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I want to create a macro for times of days, as follows:

\newcommand{\pmtime}{a.m.\xspace}

The problem is that LaTeX thinks that the last period in a.m. denotes the end of a sentence, hence the space produced by \xspace is too large.

\newcommand{\amtime}{a.m.\ }

The above is not helpful either, since a regular size space is now added, even when the macro does in fact occur at the end of a sentence.

I read about \@ifnextchar and tried the following:

\newcommand{\amtime}{a.m.\@ifnextchar.{}{\ }}

This expands to a.m.ifnextchar. in the text (in this case the macro is not followed by a period.

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3 Answers 3

up vote 9 down vote accepted

Because the letters a and m are lowercase, TeX does not think a.m. is an abbreviation. \@ afterwards resets the space factor and TeX does not insert a larger space (see egreg's comment).

\@ifnextchar has @ ("at") in its name, thus the pair \makeatletter and \makeatother should be used (unless it is used in a package or class file). Then @ has the catcode letter and can be part of a command name (see Werner's comment).

\@ifnextchar has the side effect of removing a following spaces, therefore the example below uses \ltx@ifnextchar@nospace of package ltxcmds that keeps a following space intact. As \@ifnextchar also \ltx@ifnextchar@nospace has three arguments, the token that is looked for (here the dot). If a dot is following, then \@gobble removes the dot to avoid to consecutive dots. \xspace is only needed for the case, that the next token is not a dot (the third argument for \ltx@ifnextchar@nospace).

\documentclass{article}
\usepackage{xspace}
\usepackage{ltxcmds}[2011/04/14]
\makeatletter
\newcommand{\amtime}{%
  a.m.\@%
  \ltx@ifnextchar@nospace.\@gobble\xspace
}
\newcommand{\pmtime}{%
  p.m.\@%
  \ltx@ifnextchar@nospace.\@gobble\xspace
}
\makeatother

\begin{document}
  7\amtime, 8\amtime and 9\amtime.
\end{document}

Result

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The \@ifnextchar business is already taken care of by \xspace, if you use it. You just need to announce TeX that the period is not ending a sentence and the command \@ is just for that:

\usepackage{xspace}
\newcommand{\amtime}{\,a.m.\@\xspace}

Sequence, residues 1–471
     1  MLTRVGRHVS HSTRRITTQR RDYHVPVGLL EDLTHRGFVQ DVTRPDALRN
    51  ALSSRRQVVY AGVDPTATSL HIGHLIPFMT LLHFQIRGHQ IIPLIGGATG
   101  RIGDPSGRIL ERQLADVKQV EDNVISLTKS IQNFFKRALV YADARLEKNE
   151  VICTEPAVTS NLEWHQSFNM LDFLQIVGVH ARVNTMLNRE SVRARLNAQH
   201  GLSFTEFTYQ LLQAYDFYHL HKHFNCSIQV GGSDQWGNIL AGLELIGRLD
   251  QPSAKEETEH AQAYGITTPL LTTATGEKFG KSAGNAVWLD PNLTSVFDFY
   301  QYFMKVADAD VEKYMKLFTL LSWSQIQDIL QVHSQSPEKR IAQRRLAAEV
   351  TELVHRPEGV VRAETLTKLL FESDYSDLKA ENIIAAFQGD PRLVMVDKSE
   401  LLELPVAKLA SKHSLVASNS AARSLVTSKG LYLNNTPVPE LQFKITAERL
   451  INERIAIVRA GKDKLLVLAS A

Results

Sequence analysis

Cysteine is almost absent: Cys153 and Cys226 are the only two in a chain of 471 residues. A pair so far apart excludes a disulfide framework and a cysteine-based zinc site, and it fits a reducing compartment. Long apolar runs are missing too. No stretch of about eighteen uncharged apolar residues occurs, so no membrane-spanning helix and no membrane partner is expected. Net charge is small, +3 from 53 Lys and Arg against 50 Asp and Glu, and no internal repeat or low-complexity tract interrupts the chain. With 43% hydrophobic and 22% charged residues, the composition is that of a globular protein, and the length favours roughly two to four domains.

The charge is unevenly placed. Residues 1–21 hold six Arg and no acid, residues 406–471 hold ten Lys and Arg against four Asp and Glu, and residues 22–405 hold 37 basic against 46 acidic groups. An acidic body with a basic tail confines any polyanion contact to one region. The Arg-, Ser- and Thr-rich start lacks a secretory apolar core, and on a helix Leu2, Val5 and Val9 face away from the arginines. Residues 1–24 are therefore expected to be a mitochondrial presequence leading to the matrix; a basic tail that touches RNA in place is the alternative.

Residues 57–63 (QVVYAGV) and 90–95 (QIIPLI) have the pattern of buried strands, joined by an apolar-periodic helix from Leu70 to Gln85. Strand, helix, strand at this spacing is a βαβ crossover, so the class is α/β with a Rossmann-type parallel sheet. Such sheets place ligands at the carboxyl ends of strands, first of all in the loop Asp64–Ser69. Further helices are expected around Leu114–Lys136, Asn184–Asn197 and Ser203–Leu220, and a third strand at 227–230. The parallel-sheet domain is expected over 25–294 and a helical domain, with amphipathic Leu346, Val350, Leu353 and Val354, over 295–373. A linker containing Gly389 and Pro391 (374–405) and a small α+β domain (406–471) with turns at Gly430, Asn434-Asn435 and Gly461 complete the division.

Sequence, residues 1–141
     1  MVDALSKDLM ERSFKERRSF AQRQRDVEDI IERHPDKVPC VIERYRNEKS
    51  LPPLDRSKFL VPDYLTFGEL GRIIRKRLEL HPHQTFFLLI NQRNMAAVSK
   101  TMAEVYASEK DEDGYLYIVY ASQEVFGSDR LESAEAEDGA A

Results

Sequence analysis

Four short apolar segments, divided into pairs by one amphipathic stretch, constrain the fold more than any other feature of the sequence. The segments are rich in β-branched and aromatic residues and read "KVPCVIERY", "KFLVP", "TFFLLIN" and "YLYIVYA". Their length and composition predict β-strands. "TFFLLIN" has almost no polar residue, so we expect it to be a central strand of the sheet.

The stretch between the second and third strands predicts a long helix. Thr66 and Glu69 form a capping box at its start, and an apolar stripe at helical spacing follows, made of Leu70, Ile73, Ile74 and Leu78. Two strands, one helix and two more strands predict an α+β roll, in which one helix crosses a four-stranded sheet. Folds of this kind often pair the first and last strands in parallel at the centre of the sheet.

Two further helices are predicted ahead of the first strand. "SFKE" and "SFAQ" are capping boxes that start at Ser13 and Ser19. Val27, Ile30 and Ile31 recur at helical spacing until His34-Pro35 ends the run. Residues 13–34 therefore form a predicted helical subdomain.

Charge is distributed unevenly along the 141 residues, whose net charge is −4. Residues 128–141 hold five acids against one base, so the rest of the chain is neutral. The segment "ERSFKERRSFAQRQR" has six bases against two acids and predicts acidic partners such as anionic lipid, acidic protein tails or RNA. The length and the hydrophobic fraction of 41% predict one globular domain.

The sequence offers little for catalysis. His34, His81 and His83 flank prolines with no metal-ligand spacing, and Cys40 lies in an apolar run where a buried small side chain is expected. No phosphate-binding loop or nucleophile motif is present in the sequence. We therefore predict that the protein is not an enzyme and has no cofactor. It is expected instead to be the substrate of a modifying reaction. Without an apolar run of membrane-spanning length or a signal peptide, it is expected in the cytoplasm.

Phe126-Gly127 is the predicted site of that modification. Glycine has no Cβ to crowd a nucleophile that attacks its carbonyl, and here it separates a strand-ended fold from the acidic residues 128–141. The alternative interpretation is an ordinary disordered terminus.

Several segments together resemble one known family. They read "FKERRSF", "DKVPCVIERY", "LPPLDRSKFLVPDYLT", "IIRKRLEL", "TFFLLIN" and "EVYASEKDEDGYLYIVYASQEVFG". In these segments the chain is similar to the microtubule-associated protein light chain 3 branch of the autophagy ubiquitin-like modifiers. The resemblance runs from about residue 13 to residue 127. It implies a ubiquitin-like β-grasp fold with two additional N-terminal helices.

will have the correct spacing. Notice \, to slightly detach "a.m." from the number preceding it (and this space will never be used for a line break).

However, I usually advice against \xspace: it's really not so difficult to remember writing \amtime{} in cases when a space is needed after it.

Why don't you try with

\newcommand{\amtime}{\,\textsc{am}}

that avoids periods?

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Your use of \@ and \@ifnextchar unfortunately didn't throw an error, since \@ is a valid control sequence. The following is probably what you wanted to achieve with your use of \@ifnextchar:

enter image description here

\documentclass{article}
\usepackage{xspace}% http://ctan.org/pkg/xspace
\makeatletter
\newcommand{\amtime}{a.m.\@ifnextchar.{}{\ }}
\makeatother
\begin{document}
It is 8a.m. at the moment. \par
It is 8a.m.\xspace at the moment. \par
It is 8a.m.\ at the moment. \par
It is 8\amtime at the moment.
\end{document}

Note the use of \makeatletter and \makeatother. See What do \makeatletter and \makeatother do?.

However, it's easier to just use

It is 8a.m.\@ at the moment.

In the event that you might be using the macro as

It is 8\amtime, time to rise from bed.

the spacing will be incorrect. You could nest conditionals for checking the punctuation following \amtime:

\newcommand{\amtime}{a.m.\@ifnextchar.{}{\@ifnextchar,{}{\ }}}

However, this soon becomes clumsy. egreg's answer (using \@\xspace) provides a more elegant and encompassing alternative.

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